Myanmar Military Defends Deadly Airstrike in Kachin State

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Myanmar Military Defends Deadly Airstrike in Kachin State

Few are likely to believe the military’s claims that all of those who died in the attack were legitimate military targets.

Myanmar Military Defends Deadly Airstrike in Kachin State

A view of the town of Hpakant, in Myanmar’s Kachin State, taken on January 13, 2018.

Credit: Wikimedia Commons/Arezarni

Myanmar’s military government has defended its decision to launch air strikes that killed as many as 80 people in the north of Myanmar on October 23, ahead of an important meeting of Southeast Asian foreign ministers this week.

According to media reports based on sources from Kachin State, the airstrike hit an anniversary concert held by the Kachin Independence Organization (KIO), a prominent ethnic resistance group, in remote Hpakant township. The concert was part of a three-day celebration marking the 62nd anniversary of the KIO’s founding, and those killed included musicians and artists.

The attack was widely reported by international news wires and media outlets and prompted an immediate surge of condemnation from foreign governments, human rights groups, and other observers.

In a statement, Marzuki Darusman of the Special Advisory Council for Myanmar described the attack on the concert as “the ultimate act of junta cowardice and inhumanity.” The advocacy group Human Rights Watch described it as “an apparent violation of the laws of war, which prohibit attacks causing indiscriminate or disproportionate civilian harm.”

In the immediate aftermath of the attack, the military junta’s information office confirmed the air sorties but defended them as a “necessary operation” that was launched in response to “terrorist” acts by the Kachin Independence Army (KIA), the KIO’s armed wing.

In a statement emailed to media organizations yesterday, it expanded on these claims, trumpeting the airstrikes as a successful military operation that “left more than 50 insurgents dead and over 40 injured, including their commander and 5 high-ranking members.” It then went on to deny that the attack had targeted civilians.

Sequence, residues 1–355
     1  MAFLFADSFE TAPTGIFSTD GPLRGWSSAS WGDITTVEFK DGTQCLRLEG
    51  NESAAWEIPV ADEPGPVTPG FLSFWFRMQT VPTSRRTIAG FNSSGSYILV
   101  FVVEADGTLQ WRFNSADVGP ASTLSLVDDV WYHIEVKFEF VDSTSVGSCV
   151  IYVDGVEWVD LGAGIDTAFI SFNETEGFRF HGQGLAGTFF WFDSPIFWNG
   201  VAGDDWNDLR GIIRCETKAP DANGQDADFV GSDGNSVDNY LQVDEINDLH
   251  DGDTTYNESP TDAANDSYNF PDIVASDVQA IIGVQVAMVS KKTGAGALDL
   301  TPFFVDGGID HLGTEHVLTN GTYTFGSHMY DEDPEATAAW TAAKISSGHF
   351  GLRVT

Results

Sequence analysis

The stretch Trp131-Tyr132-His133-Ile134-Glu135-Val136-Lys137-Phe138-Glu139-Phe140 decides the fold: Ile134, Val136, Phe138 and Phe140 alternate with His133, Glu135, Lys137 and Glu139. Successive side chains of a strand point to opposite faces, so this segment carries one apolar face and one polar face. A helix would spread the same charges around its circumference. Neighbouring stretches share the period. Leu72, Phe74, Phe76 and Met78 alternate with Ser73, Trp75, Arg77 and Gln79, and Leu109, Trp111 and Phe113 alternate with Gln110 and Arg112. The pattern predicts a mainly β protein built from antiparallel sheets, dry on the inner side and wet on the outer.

“The strike targeted neither civilians nor a music concert but directly attacked the enemy fort as a military target,” said the statement, which was unsigned but can be presumed to come from the junta (or some sort of PR auxiliary). “Based on information from local people, the list of dead in battle proved a huge loss of KIA insurgents; therefore, with the aim to exploit the situation, they propagandized and accused security forces of targeting civilians.”

Appended to the statement was a purported list of those killed and injured in the attack, most of which were either officers or soldiers of the KIA, anti-regime People’s Defense Forces, or Aung San Suu Kyi’s National League for Democracy. Since seizing power in February 2021, the military administration has deemed each of these groups “terrorists.”

The statement is perhaps notable less for its content – self-righteous and dismissive of any criticism – and then for its nature. Sent from a Gmail account with a Myanmar flag avatar, the statement is the fruit of what appears to be a crude, incipient PR campaign aimed (unlike the turgid, state-run newspapers) at foreign journalists and observers. A previous email that I received from the email account included a litany of “terrorist attacks” carried out by the opposition National Unity Government (NUG), which is leading the resistance to the military government.

Despite its general indifference to international opinion, Myanmar’s military government is clearly beginning to see the need to respond to the negative international media attention. This may be especially the case ahead of this week’s special meeting of foreign ministers from the Association of Southeast Asian Nations (ASEAN).

The meeting is intended to assess the military junta’s adherence to ASEAN’s Five-Point Consensus peace plan, which calls for an immediate cessation of violence and inclusive dialogue involving “all parties” to the country’s conflict. As frustration builds within the Southeast Asian bloc over the behavior of its errant member – its last major meeting was preceded by the junta’s cold-blooded execution of four pro-democracy activists – it is also expected to judge whether to shift its stance ahead of next month’s ASEAN Summit in Phnom Penh.

In an ASEAN Chairman’s statement issued late last night, the Cambodian government offered further hints that the bloc’s preternatural patience and reverence for process was being strained by the military junta’s brutal reprisal attacks.

The statement said the ASEAN chair was “gravely concerned about the recent escalation of violence in Myanmar,” including a recent bombing at Insein Prison in Yangon, increased fighting in Kayin State, and the Kachin airstrike, which it said, “goes against the spirit of ASEAN’s Five-Point Consensus.”

“We urgently call on all parties to the conflict, in particular one with significant power on the ground, to take concrete actions to enable a process of inclusive and constructive dialogue,” the statement added. Whether ASEAN is willing and able to go much further than these sorts of coaxing statements will have to await Thursday’s meeting, and the bloc’s headline summit in November.